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135mm sonnar lenses tested
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PostPosted: Sat Aug 21, 2010 9:39 pm    Post subject: 135mm sonnar lenses tested Reply with quote

I seem to have hoarded a fair few sonnar based lenses just recently and was waiting for the sun to come out, in order to do a group test. But...it hasn't stopped raining Laughing So I did a very basic indoor flower test instead.

Sorry the test subject is a bit dull! I positioned the flowers in between two windows with light coming in from both sides, in order to test the coating of these lenses, much like with the 85mm monkey test the other day. No hoods or filters were used, and RAW files were not processed other than the standard Adobe RAW settings. All lenses are in great condition, bar the Nikkor which is a 5.00 beater Laughing There are a few small coating defects to the rear of the lens.

The contenders:

Carl Zeiss Jena 135/3.5 zebra - M42
Carl Zeiss Jena 135/3.5 MC - M42
Carl Zeiss Jena 135/3.5 MC - PB
Carl Zeiss Sonnar 135/2.8 - C/Y (AE)
Carl Zeiss Vario-Sonnar 80-200/4 - C/Y (MM)
Jupiter 11 135/4 - M42 (alu)
Jupiter 11A 135/4 - M42 (black)
Jupiter 37A 135/3.5 - M42 (black)
Nikkor Auto-Q 135/3.5 - F (black and silver)

Resized to 800 x 533

Carl Zeiss Jena 135/3.5 zebra - M42



Carl Zeiss Jena 135/3.5 MC - M42



Carl Zeiss Jena 135/3.5 MC - PB



Carl Zeiss Sonnar 135/2.8 - C/Y (AE)



Carl Zeiss Vario-Sonnar 80-200/4 - C/Y (MM)



Jupiter 11 135/4 - M42 (alu)



Jupiter 11A 135/4 - M42 (black)



Jupiter 37A 135/3.5 - M42 (black)



Nikkor Auto-Q 135/3.5 - F (black and silver)



100% crops

Carl Zeiss Jena 135/3.5 zebra - M42



Carl Zeiss Jena 135/3.5 MC - M42



Carl Zeiss Jena 135/3.5 MC - PB



Carl Zeiss Sonnar 135/2.8 - C/Y (AE)



Carl Zeiss Vario-Sonnar 80-200/4 - C/Y (MM)



Jupiter 11 135/4 - M42 (alu)



Jupiter 11A 135/4 - M42 (black)



Jupiter 37A 135/3.5 - M42 (black)



Nikkor Auto-Q 135/3.5 - F (black and silver)



Conclusion

This is a very basic test, but it confirms what we already know - all these sonnar based lenses perform extremely well. They are all very sharp and render some nice pop. The multicoated lenses deal with the rear lighting issue much better (as expected) and therefore show more contrast and better colour saturation.

What is suprising is that (in my opinion) the Jena lenses' coating fares better than that of the 135/2.8 Contax lens! The Vario-Sonnar did remarkably well too. The zebra, non-multi coated lens is also a fantastic performer. The Jupiter 11 and 37A are single coated and struggled a bit, but under difficult lighting can still have images rescued in pp (see below). The Jupiter 11A did extremely well and shows the best bang for buck, I was very surprised.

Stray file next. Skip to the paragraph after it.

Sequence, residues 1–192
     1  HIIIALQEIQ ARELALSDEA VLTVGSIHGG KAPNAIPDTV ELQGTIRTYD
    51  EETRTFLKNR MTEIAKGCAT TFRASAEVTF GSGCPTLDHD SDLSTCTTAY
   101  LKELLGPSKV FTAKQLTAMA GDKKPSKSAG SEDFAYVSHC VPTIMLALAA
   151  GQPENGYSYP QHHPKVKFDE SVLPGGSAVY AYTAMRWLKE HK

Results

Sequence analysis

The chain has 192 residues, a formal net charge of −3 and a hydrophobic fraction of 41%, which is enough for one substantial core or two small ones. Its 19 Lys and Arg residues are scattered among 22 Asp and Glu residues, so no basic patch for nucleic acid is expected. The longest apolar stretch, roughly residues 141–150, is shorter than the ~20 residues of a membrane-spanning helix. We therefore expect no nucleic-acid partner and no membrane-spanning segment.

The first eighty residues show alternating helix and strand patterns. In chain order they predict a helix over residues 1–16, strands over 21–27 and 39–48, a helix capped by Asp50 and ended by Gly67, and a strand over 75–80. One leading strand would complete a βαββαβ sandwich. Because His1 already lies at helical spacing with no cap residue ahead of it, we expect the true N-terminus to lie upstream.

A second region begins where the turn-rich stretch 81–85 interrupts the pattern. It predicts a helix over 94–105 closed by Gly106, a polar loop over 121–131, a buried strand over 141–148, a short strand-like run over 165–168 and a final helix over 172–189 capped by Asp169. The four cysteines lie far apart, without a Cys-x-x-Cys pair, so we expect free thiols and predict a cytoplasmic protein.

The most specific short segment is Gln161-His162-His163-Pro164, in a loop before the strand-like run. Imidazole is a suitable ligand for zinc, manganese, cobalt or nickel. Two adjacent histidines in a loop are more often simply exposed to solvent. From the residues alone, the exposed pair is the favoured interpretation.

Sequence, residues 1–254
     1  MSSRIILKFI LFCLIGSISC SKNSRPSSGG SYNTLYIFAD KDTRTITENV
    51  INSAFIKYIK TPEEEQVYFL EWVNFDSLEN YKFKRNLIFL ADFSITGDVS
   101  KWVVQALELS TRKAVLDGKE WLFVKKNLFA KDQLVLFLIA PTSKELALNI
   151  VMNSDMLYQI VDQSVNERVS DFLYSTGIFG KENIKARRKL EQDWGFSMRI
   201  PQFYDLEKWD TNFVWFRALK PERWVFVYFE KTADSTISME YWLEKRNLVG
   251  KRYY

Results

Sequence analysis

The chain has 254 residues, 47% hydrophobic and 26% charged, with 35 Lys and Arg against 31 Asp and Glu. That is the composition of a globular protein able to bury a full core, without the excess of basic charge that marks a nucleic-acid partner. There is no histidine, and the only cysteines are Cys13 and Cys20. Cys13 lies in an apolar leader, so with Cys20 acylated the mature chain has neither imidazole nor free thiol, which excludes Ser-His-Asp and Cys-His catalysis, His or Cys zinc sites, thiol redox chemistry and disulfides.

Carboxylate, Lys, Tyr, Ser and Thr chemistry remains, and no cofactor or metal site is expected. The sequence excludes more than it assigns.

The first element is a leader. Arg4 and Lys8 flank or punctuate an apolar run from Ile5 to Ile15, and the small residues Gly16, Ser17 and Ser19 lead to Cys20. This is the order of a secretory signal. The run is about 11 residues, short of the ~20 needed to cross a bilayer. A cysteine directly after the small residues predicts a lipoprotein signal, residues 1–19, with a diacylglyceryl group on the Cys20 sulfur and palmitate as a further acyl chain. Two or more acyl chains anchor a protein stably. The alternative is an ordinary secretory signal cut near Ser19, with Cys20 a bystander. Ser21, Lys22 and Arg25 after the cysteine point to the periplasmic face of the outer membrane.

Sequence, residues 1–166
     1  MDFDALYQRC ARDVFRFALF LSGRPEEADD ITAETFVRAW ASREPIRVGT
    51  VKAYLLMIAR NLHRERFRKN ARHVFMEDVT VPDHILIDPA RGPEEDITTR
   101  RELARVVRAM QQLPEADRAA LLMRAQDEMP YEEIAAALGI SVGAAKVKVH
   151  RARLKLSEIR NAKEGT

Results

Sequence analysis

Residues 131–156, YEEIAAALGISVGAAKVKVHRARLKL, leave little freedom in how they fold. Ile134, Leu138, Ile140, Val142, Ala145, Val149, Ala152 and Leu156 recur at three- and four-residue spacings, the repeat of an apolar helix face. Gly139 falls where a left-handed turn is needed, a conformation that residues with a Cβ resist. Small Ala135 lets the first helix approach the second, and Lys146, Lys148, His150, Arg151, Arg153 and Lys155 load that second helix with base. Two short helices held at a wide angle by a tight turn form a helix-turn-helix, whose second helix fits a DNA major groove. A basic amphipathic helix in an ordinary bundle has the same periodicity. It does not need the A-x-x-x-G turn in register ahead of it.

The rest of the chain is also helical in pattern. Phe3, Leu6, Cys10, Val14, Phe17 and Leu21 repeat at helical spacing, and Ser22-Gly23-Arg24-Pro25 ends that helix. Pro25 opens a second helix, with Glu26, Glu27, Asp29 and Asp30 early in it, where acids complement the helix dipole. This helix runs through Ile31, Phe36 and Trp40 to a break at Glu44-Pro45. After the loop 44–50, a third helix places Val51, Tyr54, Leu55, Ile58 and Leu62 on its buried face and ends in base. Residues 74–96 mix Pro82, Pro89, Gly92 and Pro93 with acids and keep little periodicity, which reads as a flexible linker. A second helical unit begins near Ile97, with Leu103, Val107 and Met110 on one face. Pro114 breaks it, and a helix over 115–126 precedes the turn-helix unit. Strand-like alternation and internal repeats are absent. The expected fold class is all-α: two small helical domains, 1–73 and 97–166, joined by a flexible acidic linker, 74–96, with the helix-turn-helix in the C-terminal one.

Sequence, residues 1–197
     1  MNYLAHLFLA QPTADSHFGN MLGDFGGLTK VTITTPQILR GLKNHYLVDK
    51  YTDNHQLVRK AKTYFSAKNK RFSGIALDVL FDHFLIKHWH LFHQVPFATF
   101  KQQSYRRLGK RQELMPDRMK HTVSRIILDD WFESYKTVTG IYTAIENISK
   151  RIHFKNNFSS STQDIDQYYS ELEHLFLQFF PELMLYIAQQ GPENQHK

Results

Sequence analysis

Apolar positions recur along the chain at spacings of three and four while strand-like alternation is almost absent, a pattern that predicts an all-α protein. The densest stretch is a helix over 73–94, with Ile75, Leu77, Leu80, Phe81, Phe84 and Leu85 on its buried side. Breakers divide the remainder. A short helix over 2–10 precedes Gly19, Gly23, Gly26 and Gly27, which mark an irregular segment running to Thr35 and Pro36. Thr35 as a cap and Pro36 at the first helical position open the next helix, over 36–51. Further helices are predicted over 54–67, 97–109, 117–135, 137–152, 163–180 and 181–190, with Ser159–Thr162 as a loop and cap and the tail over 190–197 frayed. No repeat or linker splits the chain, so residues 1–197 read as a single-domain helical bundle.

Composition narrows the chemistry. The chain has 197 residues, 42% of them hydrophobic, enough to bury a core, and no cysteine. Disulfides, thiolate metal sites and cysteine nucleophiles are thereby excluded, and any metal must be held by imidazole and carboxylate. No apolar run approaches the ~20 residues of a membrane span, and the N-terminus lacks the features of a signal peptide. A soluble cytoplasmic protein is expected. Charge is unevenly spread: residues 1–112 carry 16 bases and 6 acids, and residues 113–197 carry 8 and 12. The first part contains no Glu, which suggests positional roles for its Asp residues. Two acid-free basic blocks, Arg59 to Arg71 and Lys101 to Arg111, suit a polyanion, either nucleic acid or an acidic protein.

The Nikkor was also good, even with the slight coating defects.

Here is the Jupiter 11 shot, which struggled the most with the backlighting, with a bit of pp:



PostPosted: Sat Aug 21, 2010 11:20 pm    Post subject: Reply with quote

These results are so alike that it would be impossible for anyone to ever tell a difference in general use. I have an M42 Jupiter 11 coming and am happy to see it performing at the level of these others.


PostPosted: Sun Aug 22, 2010 12:37 am    Post subject: Reply with quote

11 lenses? Wow~
I see very few difference.
Vario-Sonnar 80-200/4 is a wonderful zoom indeed and CZJ 135/3.5 MC is my pick.
Need more photos.


PostPosted: Sun Aug 22, 2010 1:46 am    Post subject: Reply with quote

Important information is missing - or at least I have not found it:

- at what aperture were the shots taken?
- what kind of white balancing did you make and did you do it for each lens? Or did you use AWB?
- how did you meter the light?
- was the exposure calculated once at the beginning and then lenses set manually, or did you use camera auto exposure for each shot?

Aside from my personal opinion on tests (I find them useless), there is this thing about tests, either they are made with the most precision of information and coherency, and set individually for each lens tested, or, they lose what usefulness they might have.
In other words, lens tests are for super-precise people - and this is the reason why I don't make them - I always forget about something important! Laughing

But the biggest shortcoming of tests is - they are usually made in controlled situations. Like studio sets. Careful and controlled situations, tend to flatten the differences between the lenses, as they optimize the conditions and therefore smooth out the rough edges from the start.
One may say - hey, that's what good photographers do! Create the ideal situations. And I would say, yes, if you photograph in a studio. But since most people uses lenses to photograph outdoors, in a variety of uncontrolled conditions, the significance of the studio tests is a lot weakened. Environment conditions can make decisive differences, and you can fully evaulate a lens only when you get it through the most varied, unexpected, uncontrolled conditions. That is where you measure the difference between an ok lens and a great lens.
In a controlled studio environment, the ok lenses tend to look alike the great lenses.
Sorry to have let my thoughts wander - I do not mean at all to diminish your effort! It's just that I think that the judgement on a lens, or a set of lenses, can not be reduced to the performance in a controlled studio set.


PostPosted: Sun Aug 22, 2010 2:44 am    Post subject: Reply with quote

I'm very impressed with the results of the 11A. I would of hoped the 37A would of done better.
Thanks for the test.


PostPosted: Sun Aug 22, 2010 2:46 am    Post subject: Reply with quote

walter g wrote:
I'm very impressed with the results of the 11A. I would of hoped the 37A would of done better.


Don't forget about copy variations... especially with soviet lenses.
(not to mention, minor variations in focusing distance, etc...)
Always take this type of tests with caution.